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Prediction of future episodes of depression in primary medical care : development of a risk factor profile

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Tackling depression via onset prediction

An innovative risk tool has been developed, marking the first instrument in the field of psychiatry able to predict the onset of clinical depression in primary care.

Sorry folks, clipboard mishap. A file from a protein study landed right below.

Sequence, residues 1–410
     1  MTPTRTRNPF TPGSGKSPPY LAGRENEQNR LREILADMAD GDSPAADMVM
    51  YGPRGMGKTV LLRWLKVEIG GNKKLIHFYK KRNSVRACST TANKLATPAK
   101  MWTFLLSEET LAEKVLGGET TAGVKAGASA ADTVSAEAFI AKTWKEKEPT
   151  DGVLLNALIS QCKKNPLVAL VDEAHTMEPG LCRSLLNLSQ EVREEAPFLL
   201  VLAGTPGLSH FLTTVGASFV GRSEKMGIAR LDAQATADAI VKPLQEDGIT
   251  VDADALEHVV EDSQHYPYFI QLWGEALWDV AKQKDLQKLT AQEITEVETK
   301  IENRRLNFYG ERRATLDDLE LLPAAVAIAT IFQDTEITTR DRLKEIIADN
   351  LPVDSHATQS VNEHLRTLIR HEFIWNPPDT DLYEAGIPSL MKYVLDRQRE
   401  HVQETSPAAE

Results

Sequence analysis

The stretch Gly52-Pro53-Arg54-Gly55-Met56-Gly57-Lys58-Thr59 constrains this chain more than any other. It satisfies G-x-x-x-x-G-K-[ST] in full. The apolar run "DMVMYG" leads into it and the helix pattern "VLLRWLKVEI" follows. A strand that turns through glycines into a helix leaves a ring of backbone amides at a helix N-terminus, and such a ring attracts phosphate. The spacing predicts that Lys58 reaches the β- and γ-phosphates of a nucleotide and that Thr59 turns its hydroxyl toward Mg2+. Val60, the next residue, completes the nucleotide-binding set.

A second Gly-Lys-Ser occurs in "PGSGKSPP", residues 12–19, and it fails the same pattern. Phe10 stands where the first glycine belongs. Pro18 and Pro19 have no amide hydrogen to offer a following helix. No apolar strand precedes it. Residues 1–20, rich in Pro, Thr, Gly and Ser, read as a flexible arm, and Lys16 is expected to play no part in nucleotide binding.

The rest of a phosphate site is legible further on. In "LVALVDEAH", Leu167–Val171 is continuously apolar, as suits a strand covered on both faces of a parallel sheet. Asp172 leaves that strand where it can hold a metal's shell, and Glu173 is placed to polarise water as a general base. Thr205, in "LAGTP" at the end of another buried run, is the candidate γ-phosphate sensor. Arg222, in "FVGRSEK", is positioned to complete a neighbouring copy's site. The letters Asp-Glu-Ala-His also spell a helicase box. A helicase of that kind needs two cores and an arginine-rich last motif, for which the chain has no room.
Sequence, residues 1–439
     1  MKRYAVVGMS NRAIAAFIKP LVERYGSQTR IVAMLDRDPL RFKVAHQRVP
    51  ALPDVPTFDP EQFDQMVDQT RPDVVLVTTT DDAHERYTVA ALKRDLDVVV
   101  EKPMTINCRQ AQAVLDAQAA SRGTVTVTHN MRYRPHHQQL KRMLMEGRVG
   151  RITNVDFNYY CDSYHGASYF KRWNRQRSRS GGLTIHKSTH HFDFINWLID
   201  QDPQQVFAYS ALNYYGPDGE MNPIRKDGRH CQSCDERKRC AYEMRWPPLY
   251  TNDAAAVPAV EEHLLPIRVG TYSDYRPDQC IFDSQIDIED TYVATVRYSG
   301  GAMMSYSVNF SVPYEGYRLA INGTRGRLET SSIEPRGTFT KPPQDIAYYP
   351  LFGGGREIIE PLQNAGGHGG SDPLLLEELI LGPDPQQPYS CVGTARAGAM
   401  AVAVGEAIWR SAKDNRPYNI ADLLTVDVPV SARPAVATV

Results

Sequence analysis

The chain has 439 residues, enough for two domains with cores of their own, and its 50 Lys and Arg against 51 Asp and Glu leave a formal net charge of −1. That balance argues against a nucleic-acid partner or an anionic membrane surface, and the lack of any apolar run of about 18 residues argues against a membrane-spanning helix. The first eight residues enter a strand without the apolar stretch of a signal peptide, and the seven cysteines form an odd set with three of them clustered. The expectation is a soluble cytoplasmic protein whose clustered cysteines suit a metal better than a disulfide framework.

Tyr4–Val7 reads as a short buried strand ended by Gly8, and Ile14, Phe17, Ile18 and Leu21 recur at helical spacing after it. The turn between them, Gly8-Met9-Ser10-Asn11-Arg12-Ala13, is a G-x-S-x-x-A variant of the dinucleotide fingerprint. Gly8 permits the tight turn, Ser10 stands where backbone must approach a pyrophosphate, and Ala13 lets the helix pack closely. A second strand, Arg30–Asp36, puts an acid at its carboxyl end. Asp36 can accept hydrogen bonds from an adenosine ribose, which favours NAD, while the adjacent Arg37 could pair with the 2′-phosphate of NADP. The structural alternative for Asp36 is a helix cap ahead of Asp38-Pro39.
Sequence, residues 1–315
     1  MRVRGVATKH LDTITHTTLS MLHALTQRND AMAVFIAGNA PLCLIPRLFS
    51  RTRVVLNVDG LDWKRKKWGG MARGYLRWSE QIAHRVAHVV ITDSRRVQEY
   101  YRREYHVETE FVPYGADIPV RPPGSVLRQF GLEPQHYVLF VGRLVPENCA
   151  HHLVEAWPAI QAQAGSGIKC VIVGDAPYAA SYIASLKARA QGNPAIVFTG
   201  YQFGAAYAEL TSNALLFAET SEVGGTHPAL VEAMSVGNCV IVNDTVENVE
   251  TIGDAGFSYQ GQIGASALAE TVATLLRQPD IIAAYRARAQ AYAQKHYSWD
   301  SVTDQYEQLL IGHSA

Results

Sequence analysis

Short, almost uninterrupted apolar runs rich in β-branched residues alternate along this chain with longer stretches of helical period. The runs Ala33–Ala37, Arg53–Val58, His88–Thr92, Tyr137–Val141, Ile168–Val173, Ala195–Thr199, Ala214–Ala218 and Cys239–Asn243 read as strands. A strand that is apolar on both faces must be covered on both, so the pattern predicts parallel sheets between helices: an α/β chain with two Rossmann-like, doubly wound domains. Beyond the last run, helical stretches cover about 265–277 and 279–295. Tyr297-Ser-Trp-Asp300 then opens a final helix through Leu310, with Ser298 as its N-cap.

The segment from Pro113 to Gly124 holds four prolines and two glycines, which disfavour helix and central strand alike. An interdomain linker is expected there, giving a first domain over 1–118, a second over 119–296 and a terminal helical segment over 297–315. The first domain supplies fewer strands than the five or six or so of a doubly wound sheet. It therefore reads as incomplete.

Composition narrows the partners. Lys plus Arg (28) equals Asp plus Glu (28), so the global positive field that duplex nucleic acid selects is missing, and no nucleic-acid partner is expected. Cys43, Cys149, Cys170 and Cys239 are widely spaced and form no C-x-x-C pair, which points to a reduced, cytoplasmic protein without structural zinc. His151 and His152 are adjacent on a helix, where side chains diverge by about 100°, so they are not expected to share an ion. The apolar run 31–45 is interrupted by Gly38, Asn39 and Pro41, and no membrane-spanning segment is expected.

Depression is a serious medical illness that can have negative effects on all aspects of a person's life. Therefore proper diagnosis and treatment is of utmost importance. Although depression is a major public health problem in Europe, there was previously no method for predicting onset and maintenance of depression. In light of this the PREDICT project has explored the risk for the onset and maintenance of episodes of depression among primary care attendants in seven European countries. Nearly 900 attendants ranging in age from 18 to 75 were inscribed from urban as well as rural general practices in each country. The objective of the research was the development of a cross European multi factor risk score instrument. This can be used by general practitioners to predict the onset of depression. In order to test for international applicability, the instrument was validated in Chile. A diagnosis of major depression was made using the composite international diagnostic instrument. The evaluation was repeated six and twelve months later. Only patients not depressed at baseline were included. A risk equation was derived from the European data based on 11 of the 39 risk factors calculated at baseline. During the three years that followed, findings were disseminated in publications such as international medical journals of general medicine, psychiatry and primary care. Additionally, findings were presented at international conferences which cover these areas. The results are intended to be used for a risk assessment intervention tool to help prevent depression in primary care in the future.

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